The FAIA designation after an architect's name is borne proudly by those who have earned the lifetime honor from the American Institute of Architects, for notable contribution to their profession.
Four members of AIA's Los Angeles chapter and one member of the Pasadena/Foothill chapter, in a total of 84 nationally this year, have been advanced to the College of Fellows of the organization and will participate in investiture ceremonies on June 8 at the AIA National Convention in San Antonio.
They are Sidney Eisenshtat, Sidney Eisenshtat Architect, Beverly Hills; Robert Kennard, Kennard Design Group, Los Angeles; Peyton Kirven, Ziegler Kirven Parrish, Los Angeles; Ki Suh Park, Gruen Associates, Los Angeles, and Wallace L. Haas Jr., W. Haas Associates, Los Angeles.
Eisenshtat, who is internationally recognized for his development of synagogue architecture, believes that the religious flux experienced by most faiths in the past few decades has required considerable adjustment, not only in the spiritual sense but also in terms of the environment in which people pray.
Examples of some of Eisenshtat's concepts can be seen in Temple Emanuel in Beverly Hills, Sinai Temple in Los Angeles, Congregation B'nai Zion in El Paso and also in the Great Synagogue of Jerusalem, where he served as consultant.
"People pray differently. For instance, in Catholicism, priests are intermediaries of God; in Judaism there is no intermediary. Therefore, I see the structure for synagogues not as pyramidal but as horizontal," the architect said.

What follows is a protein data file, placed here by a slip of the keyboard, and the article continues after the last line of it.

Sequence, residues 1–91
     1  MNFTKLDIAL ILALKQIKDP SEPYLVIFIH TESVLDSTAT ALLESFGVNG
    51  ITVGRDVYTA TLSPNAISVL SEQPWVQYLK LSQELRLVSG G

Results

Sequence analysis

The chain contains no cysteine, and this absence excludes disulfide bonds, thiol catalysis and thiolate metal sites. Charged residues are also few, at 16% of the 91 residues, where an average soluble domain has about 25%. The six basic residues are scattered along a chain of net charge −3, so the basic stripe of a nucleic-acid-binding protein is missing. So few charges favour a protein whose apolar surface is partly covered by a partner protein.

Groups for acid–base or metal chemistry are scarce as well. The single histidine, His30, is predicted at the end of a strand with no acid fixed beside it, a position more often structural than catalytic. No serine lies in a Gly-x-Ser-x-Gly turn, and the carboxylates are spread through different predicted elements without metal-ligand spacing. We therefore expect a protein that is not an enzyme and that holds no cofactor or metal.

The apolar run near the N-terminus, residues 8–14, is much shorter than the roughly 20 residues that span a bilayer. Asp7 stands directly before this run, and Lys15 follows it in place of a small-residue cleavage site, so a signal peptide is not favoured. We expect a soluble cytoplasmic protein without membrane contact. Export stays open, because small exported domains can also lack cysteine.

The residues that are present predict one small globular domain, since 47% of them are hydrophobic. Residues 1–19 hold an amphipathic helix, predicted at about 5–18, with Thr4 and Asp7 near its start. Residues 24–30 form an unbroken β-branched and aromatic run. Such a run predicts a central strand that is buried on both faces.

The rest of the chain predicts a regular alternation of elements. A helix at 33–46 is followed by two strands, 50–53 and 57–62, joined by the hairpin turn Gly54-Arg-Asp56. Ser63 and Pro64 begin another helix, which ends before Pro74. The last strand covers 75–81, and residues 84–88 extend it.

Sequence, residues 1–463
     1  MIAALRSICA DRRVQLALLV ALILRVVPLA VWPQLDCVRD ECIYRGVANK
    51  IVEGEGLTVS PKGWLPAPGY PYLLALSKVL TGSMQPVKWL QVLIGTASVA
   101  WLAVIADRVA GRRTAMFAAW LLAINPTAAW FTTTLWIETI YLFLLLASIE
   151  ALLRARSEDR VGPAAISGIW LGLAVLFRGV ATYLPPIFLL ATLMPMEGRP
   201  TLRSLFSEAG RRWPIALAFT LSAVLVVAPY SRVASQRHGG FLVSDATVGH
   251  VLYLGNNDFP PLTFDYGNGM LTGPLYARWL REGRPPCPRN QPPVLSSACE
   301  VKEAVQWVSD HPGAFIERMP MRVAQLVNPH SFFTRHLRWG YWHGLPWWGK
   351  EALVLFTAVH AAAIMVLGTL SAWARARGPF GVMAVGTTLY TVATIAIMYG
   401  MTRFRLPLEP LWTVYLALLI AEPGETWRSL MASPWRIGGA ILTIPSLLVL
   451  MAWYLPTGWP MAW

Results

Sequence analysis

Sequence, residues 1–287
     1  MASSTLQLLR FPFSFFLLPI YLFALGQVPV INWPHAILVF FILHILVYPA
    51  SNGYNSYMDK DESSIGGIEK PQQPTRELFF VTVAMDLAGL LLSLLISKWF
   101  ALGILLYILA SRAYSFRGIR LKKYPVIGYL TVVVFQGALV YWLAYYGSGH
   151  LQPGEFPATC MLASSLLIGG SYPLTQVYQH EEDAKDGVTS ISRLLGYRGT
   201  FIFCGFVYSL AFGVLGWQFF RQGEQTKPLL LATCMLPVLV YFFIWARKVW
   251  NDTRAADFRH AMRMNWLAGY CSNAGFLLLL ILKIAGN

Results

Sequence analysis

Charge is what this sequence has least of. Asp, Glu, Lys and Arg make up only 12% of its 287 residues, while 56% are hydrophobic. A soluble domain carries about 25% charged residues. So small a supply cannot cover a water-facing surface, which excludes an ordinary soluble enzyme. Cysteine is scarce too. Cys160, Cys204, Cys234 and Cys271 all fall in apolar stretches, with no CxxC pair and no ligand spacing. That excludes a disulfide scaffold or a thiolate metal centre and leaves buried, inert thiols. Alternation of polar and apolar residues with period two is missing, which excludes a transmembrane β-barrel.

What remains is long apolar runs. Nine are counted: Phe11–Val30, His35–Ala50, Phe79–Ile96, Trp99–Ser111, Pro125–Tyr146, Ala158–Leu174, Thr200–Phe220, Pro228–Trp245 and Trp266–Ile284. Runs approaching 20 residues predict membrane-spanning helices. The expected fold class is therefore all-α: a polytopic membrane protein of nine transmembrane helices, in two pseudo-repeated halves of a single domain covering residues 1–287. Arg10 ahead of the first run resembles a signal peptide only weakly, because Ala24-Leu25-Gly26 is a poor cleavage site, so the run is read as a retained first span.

Eisenshtat's designs are governed by simple concepts, he said. "I look for as little distraction as possible and try to keep to traditional colors, primarily the black and white of the tallit ." Eisenshtat is credited with developing the floor that rises to the altar and used in most synagogues today.
Kennard, president of the Kennard Design Group which he founded in 1957, is grateful for his peers' recognition that reflects his work with young people and the time and encouragement he has given to those wishing to explore the field of environmental design.
Recent KDG projects are the new Parking Structures One, Three and Four and the Heliport at Los Angeles International Airport and the master plan and Medical Education Building for Charles R. Drew Post Graduate Medical School at the King-Drew Medical Center in Los Angeles.
Kennard was active in the founding of the Inner City Cultural Center and the Central City Community Mental Health facility in the Gilbert W. Lindsay Center, which Kennard believes performs an important preventive function.
Kennard, a member of the board of directors of the California Council of AIA, regrets that there are so few minorities involved in the field of environmental design and in urban and regional planning and landscaping. "I was born in the greater Watts area so I have always been interested in helping promote student enrichment programs in that area, such as we initiated at Washington High School, and in supporting positive action groups within the black community.
"Life is a two-way street and it is very rewarding to be able to give back a little of what one was fortunate enough to receive. And it feels great to also be recognized by one's peers."
When Peyton (Ed) Kirven goes to Texas for his investiture in June, he will be in familiar surroundings. A graduate of the University of Texas, he has served the profession and community through his strong focus on the improvement of life safety in the built environment.
Colleague and partner Jack Parrish describes Kirven as a man who displays "great intensity and virtually anything he does, he does well. We all gain from his generous sharing of any discoveries and, since our firm does a lot in the public sector, Ed is particularly atuned to safety.